Consider a continuous function f on an interval [a,b]. Then, by a classic approximation theorem due to Weierstrass, f can be uniformly approximated on [a,b] to any degree of accuracy by polynomials. On the other hand, given N+1 distinct points x_i in [a,b], it is well known that there exists a unique polynomial P_N of degree at most N that interpolates the function f in these points, i.e. that fulfills P_N(x_i) = f(x_i). It seems promising to use these interpolation polynomials to approximate f on [a,b], in particular, one might believe that if the number of interpolation points x_i in [a,b] increases, the corresponding interpolation polynomials will approximate the function f better and better. While this might indeed be the case, it was first observed by Carl Runge that depending on the function f and the location of the interpolation points in [a,b], the opposite might actually occur, meaning that increasing the number of interpolation points makes the accuracy of the approximation worse. This somewhat surprising result, known as "Runge's phenomenon", shows that interpolation polynomials can not in general be used to approximate functions.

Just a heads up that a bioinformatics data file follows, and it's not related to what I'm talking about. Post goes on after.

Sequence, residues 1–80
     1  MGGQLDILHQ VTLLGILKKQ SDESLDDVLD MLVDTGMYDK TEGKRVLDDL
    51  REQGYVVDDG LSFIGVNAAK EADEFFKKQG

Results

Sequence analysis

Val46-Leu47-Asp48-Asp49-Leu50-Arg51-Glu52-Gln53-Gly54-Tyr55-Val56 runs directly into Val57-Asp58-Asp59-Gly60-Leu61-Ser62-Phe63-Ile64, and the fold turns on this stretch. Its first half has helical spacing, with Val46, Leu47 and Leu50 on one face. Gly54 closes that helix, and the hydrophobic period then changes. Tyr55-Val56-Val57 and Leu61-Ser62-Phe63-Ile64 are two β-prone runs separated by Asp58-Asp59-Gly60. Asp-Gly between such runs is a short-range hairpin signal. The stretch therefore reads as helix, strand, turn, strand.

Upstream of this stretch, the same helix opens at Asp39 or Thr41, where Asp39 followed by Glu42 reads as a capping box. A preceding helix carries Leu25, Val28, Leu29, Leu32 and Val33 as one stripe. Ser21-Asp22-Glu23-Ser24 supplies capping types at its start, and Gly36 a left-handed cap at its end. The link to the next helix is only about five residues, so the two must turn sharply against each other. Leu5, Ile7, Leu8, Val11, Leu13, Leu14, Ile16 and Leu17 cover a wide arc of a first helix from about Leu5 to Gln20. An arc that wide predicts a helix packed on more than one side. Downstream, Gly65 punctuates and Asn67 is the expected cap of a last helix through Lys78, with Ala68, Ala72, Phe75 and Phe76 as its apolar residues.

The goal of this project is to understand and explore Runge's phenomenon, and to illustrate it with numerical calculations. Moreover, different approaches to circumvent the phenomenon, such as interpolating in the so-called Chebyshev nodes, can also be investigated.
Supervisors: Thierry Meyrath
Difficulty level: EML 2